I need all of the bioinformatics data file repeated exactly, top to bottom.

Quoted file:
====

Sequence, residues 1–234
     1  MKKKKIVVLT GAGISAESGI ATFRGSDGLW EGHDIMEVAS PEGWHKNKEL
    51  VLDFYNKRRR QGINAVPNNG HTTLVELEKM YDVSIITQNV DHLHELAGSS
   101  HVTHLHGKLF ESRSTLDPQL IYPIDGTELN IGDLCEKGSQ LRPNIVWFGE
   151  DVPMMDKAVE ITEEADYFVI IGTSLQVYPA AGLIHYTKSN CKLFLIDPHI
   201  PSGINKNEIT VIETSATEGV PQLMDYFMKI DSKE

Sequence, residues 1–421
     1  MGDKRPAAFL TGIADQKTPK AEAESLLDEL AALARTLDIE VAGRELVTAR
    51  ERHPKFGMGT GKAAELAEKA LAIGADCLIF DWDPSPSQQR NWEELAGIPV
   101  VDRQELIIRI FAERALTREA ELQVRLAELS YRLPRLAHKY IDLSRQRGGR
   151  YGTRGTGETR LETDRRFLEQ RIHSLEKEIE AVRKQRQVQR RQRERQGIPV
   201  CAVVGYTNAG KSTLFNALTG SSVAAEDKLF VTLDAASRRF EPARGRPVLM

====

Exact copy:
Sequence, residues 1–234
     1  MKKKKIVVLT GAGISAESGI ATFRGSDGLW EGHDIMEVAS PEGWHKNKEL
    51  VLDFYNKRRR QGINAVPNNG HTTLVELEKM YDVSIITQNV DHLHELAGSS
   101  HVTHLHGKLF ESRSTLDPQL IYPIDGTELN IGDLCEKGSQ LRPNIVWFGE
   151  DVPMMDKAVE ITEEADYFVI IGTSLQVYPA AGLIHYTKSN CKLFLIDPHI
   201  PSGINKNEIT VIETSATEGV PQLMDYFMKI DSKE

Sequence, residues 1–421
     1  MGDKRPAAFL TGIADQKTPK AEAESLLDEL AALARTLDIE VAGRELVTAR
    51  ERHPKFGMGT GKAAELAEKA LAIGADCLIF DWDPSPSQQR NWEELAGIPV
   101  VDRQELIIRI FAERALTREA ELQVRLAELS YRLPRLAHKY IDLSRQRGGR
   151  YGTRGTGETR LETDRRFLEQ RIHSLEKEIE AVRKQRQVQR RQRERQGIPV
   201  CAVVGYTNAG KSTLFNALTG SSVAAEDKLF VTLDAASRRF EPARGRPVLM